BT has warned it's hiking some broadband prices by up to £30 a year in January, and that some BT Sport customers will have to pay up to £36 extra a year.
Update 2 Jan 2018: We first published this story in November 2017 - the info below still applies, but see Cheap Broadband for a new deal that lets you stick with BT (in disguise) and still beat the hike.
The telecoms giant has released a statement on its website saying some prices for broadband, BT Sport and calls will be hiked on 7 January 2018, and is writing to its 10 million customers who'll be affected in one way or another over the coming weeks.
It has confirmed that affected customers will be able to leave their contract penalty-free.
The announcement signals BT's fourth major price hike in almost three years, with broadband and landline call costs last increased in April this year. BT has, however, frozen the cost of line rental, BT TV and its BT Basic package.
Compare broadband, phone line and TV prices to create your own package with Broadband Unbundled.
How are prices changing?
Here's how prices are increasing from 7 January for those not on introductory or promotional deals:
- Standard broadband – will increase by £2/mth.
- Fibre broadband – will increase by £2.50/mth.
- BT Sport via BT TV – will remain at £3.50/mth.
- BT Sport via app – will increase by £2/mth.
- BT Sport via Sky TV (for those with BT broadband) – will increase by £2.50/mth.
- BT Sport via Sky TV (for those without BT broadband) – will increase by £3/mth.
- BT Sport HD bolt on – will increase by £1.50/mth.
BT is also hiking the cost of calls and call features from 7 January:
- Unlimited anytime landline calls package – rising from £8.99/mth to £9.50/mth.
- Unlimited evening and weekend calls package – rising from £3.80/mth to £4/mth.
- Landline call costs – calls to other landlines (including 0870 and 0845 numbers) will increase from 12p/min to 13p/min. The call set-up fee is rising from 21p/call to 22p/call.
- Mobile call costs – calls to mobiles will increase from 16p/min to 17p/min. If you have anytime calls they'll increase from 8p/min to 8.5p/min.
- 1571 – will increase from £2.50/mth to £3/mth.
- Paper bill charge – will increase from £2/mth to £2.50/mth.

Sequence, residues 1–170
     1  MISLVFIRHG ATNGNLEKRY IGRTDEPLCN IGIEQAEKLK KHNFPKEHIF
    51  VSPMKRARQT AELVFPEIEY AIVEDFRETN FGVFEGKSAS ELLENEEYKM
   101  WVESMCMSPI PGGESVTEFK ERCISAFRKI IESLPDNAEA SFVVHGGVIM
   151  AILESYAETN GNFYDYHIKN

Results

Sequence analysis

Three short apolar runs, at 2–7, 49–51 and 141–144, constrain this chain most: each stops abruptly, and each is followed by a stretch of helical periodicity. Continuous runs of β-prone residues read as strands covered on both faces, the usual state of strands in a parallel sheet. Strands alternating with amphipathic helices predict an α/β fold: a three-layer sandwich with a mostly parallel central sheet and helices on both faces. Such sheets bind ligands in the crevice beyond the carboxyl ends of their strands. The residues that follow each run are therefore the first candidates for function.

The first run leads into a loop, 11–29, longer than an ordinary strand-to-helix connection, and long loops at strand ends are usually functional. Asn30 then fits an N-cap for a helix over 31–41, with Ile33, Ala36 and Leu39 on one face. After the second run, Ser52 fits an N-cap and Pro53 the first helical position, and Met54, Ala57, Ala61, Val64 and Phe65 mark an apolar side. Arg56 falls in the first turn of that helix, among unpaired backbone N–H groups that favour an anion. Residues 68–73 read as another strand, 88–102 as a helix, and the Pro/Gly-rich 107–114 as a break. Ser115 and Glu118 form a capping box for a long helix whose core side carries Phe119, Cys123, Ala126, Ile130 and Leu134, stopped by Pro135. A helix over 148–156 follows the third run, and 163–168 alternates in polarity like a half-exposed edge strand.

- If you've one calling feature, your price will rise from £4.50/mth to £5/mth.
- If you've two to four calling features, your price will rise from £8.75/mth to £9.25/mth.
- If you've five or more calling features, your price will rise from £11.75/mth to £12.25/mth.
If you joined on a promo or introductory deal from 4 August 2017 your monthly price won't go up – but if you haggled, it might
BT has confirmed that customers who joined on an introductory or promotional broadband deal from 4 August 2017 won't see their monthly broadband prices go up during their fixed deal, but they will still be warned their prices will rise after the end of their minimum contract. Those who joined before 4 August 2017 will face the price rises from January 2018.
If you receive one of these warnings you will be able to leave your contract penalty-free, but the chances are you're already on a decent deal.
Those who haggled a better deal at the end of their previous contract, which is usually in the form of a discount on the standard prices, will see their price increase. You will be able to leave your contract penalty-free but this is only worth doing if you can beat your current price – you may find you're still on a decent deal, even after the rises.
For both of the above, always check if you can beat your current deal by using our Broadband Unbundled tool. Call costs – explained above – will go up even if you're on an introductory deal.
How to beat the hikes 1 – escape your contract penalty-free